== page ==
The theme of this short story is that our fears of other people, especially people who seem different from us, can destroy us. More specifically, Gordimer, writing in 1989, shortly before apartheid's collapse in South Africa, uses her story to attack apartheid as a sick system that hurts everyone involved. She illustrates in her tale that fear of the other not only harms the groups that are feared; it also can destroy the people who react out of excessive fear.
In this story, a family living in a privileged, all white enclave in South Africa become increasing frightened by stories of blacks robbing neighborhood homes:
But every week there were more reports of intrusion: in broad daylight and the dead of night, in the early hours of the morning, and even in the lovely summer twilight ...
When the family sees their cat leap to the top of the tall wall that they have constructed to stay safe, they decide the only way to be truly secure is to top the wall with shards of broken glass and razor wire.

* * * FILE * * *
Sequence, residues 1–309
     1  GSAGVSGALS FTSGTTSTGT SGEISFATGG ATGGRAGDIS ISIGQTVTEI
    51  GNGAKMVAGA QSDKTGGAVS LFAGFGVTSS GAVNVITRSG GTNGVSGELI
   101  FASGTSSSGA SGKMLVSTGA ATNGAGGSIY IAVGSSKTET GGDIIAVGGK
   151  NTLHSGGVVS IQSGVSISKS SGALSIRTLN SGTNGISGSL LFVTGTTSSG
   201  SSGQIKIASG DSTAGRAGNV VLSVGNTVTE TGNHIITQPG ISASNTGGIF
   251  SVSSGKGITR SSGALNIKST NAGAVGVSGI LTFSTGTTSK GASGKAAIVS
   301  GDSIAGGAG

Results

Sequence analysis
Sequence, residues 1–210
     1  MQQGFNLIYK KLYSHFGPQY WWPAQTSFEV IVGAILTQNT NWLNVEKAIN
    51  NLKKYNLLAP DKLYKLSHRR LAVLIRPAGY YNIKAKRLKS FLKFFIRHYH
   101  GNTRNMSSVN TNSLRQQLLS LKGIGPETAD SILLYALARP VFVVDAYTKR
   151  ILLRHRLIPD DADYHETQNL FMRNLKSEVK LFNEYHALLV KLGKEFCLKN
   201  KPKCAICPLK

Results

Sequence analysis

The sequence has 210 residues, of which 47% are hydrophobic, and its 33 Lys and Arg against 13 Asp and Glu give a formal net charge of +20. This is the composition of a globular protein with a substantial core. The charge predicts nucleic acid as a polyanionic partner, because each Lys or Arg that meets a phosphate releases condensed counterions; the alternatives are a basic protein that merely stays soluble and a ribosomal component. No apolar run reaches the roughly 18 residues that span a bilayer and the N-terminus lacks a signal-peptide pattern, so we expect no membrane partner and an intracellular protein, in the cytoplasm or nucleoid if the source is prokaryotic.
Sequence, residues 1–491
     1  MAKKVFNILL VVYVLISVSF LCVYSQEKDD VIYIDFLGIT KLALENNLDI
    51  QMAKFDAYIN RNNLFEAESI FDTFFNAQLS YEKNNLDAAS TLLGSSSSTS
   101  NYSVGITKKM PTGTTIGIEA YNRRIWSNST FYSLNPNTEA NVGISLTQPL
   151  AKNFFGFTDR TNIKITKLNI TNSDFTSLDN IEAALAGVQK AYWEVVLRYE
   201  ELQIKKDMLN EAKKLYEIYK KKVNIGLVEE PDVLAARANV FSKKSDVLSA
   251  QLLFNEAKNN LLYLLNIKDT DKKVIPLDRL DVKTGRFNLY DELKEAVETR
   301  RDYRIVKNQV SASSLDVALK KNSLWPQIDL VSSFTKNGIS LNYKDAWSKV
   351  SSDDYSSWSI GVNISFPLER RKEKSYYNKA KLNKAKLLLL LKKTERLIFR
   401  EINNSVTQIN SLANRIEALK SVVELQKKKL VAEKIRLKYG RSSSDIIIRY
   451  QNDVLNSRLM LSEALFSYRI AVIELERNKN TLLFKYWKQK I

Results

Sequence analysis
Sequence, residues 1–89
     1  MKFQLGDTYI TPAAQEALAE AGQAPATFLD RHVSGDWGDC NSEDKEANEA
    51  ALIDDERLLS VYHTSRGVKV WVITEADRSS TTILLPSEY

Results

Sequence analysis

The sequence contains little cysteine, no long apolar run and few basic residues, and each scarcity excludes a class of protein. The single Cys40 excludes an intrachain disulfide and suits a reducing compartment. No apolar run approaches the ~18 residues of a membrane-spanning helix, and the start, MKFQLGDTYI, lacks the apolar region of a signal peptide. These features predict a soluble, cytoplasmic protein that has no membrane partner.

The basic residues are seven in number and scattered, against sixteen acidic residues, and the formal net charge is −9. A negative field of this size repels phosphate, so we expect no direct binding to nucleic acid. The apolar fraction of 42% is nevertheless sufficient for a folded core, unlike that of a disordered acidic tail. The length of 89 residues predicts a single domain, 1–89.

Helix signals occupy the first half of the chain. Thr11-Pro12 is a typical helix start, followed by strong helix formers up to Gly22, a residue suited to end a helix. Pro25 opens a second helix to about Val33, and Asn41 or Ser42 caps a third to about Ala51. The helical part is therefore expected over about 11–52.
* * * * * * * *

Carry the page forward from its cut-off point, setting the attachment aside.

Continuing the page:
One night, the mother reads her son a fairytale about a prince who scales a high castle wall. The next day, wanting to be like the prince, the boy tries to scale the wall surrounding his house. He gets caught on the broken glass and razor wire and dies.
Gordimer, a communist dedicated to breaking down racial barriers in her homeland, liked to quote philosopher Antonio Gramsci:
The old is dying and the new cannot be born; in this interregnum there arises a great diversity of morbid symptoms.
This story shows that one of the chief qualities of these "morbid systems," excessive fear, is highly destructive. It doesn't protect families; it destroys them. This family tried to build a high-walled fairytale castle where they could retreat and be safe. However, they were living in the actual world, where reality intrudes and disrupts our fantasies. They would have been better off to have been less fearful and more open to the blacks.